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Manure – A Cautionary Tale

Manure can benefit your garden in many ways but it also has negative consequences if used improperly. Read this article to learn how to use manure to reap its benefits without hurting your soil or plants.

Mickey Scullard, Master Gardener

Manure – A Cautionary Tale

Gardening can take a toil on soil, as plants pull vital nutrients for growth and production of flowers, vegetables, and fruit. Another important factor to growing plants is the soil structure. You can address both soil structure and nutrient-deficiencies needed to maintain or even increase the ability to grow vigorous plants by adding manure. Manure is the waste products of animals and has many benefits. However, there are a number of cautions you need to be aware of before just dumping manure on your garden. 

Manure increases soil organic matter, which can help improve soil structure. Manure also helps improve sandy soil’s ability to hold water and drainage in clay soil. It slowly releases nutrients into the soil and can promote beneficial soil organisms’ growth (Compost and soil organic matter: the more, the merrier?, Penn State Extension). 

Acceptable types of manure for use in vegetable gardens include cow, horse, sheep, goat, llama, rabbit, and chicken/poultry. There are some additional precautions to take if you are going to use chicken/poultry manure that will be discussed later in this article. (Using chicken manure, UMN-Extension). Rabbit manure is a great source of manure, 'bunny honey'. Pig, dog, cat, and human waste should NEVER be used in gardens as they are more likely to contain parasites.

Use of manure in gardens does require precautions, especially where and when you use fresh or ‘raw’ manure. The biggest risk is that fresh manure may include bacteria and other pathogens that can cause diseases in humans such as e.Coli, Salmonella, Campylobacter bacteria, and others. You can’t determine if an animal may be carrying a pathogen by looking at them or their waste. For this reason, it is critical to not use fresh manure around vegetables as these pathogens can be taken up into vegetable plant tissue through the soil and water. Rabbit manure is the exception because of its pelletized form and low risk of pathogens.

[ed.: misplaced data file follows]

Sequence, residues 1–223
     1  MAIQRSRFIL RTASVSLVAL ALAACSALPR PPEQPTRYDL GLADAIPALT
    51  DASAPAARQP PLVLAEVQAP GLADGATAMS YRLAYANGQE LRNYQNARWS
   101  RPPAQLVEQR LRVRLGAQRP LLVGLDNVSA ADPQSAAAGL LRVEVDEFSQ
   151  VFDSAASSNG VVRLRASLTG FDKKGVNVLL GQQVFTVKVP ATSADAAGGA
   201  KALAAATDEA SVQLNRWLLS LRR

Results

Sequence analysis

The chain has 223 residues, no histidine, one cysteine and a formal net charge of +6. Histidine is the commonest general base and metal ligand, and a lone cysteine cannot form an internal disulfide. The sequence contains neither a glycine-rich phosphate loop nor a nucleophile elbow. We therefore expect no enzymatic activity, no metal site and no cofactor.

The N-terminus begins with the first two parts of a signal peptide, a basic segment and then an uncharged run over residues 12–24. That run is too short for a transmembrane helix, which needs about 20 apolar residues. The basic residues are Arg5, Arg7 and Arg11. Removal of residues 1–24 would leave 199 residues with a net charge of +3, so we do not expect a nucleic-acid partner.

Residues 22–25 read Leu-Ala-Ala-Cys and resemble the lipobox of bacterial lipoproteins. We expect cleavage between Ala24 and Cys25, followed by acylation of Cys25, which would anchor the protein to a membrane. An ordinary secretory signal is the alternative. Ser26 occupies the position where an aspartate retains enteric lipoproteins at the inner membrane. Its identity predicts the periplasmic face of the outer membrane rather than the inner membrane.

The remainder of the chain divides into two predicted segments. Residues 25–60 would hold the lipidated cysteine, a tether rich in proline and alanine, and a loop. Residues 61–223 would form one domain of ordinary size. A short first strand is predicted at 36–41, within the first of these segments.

If fresh manure is applied to areas where food is grown, nothing should be planted in that location for at least four (4) months for any food product whose edible portion has direct contact with the soil surface or soil particles. If the food product does not have direct contact with the soil surface or soil particles, then the timeframe is 90 days. (USDA Organic Tipsheet: Manure in Organic Production Systems). That means that you should not apply manure in the spring before planting unless you are only going to be planting late summer crops for fall harvest. (Safely Using Manure, UW-Extension, Using Manure in the Home Garden, UW-Extension). Early fall may be the best time for manure application. 

As noted above rabbit manure is the exception. It may be used ‘fresh’ and has many benefits over other types of manure including having four times the nutrients of horse and cow manure and twice the amount of chicken manure. 

Well composted chicken litter

The best manure to use has been composted, which when done properly, can kill any harmful pathogens, stabilize the nutrients, and lower salts that are present. Composting manure, along with any bedding material or other substances, involves regular turning, aeration, and making sure the compost reaches specific temperatures for specific amounts of time. According to the USDA Organic Tipsheet, depending on how the composting is occurring, the manure must reach

  • Temperatures between 131° F and 170° F and must be sustained for three days using an in-vessel or static aerated pile system.

  • Temperatures between 131° F and 170° F and must be sustained for 15 days using a windrow composting system, during which period the materials must be turned a minimum of five times, and this period must be followed by an adequate curing period. 

Composting raw manure into manure that is safe to use may be difficult, but not impossible, to achieve by a home gardener. Achieving and maintaining the high temperatures is challenging in a home environment and turning and aerating the pile is a considerable commitment.

Another consideration when using manure is you don’t know the specific amounts of nutrients and micronutrients you are adding. It varies by the type of animal waste and any additional materials such as bedding that might be mixed into it. This is important because adding the wrong level of nutrients may produce less desirable effects. For example, if manure was added around tomato plants, the nitrogen might promote growth of the plant which may decrease the energy the plant puts into producing the tomatoes. Purchasing fertilizer in some instances might be a better approach as you can select the amounts of Nitrogen, Phosphorous, and Potassium (N-P-K) you add to specific areas of your garden.

Despite all these cautions, adding manure can be beneficial to the home garden by improving the soil structure, water holding capacity, and through the slow release of nutrients. With a little care, your plants will reap the benefits and grow and produce vigorously.



Photo Credit: University of Minnesota Extension (1,2)

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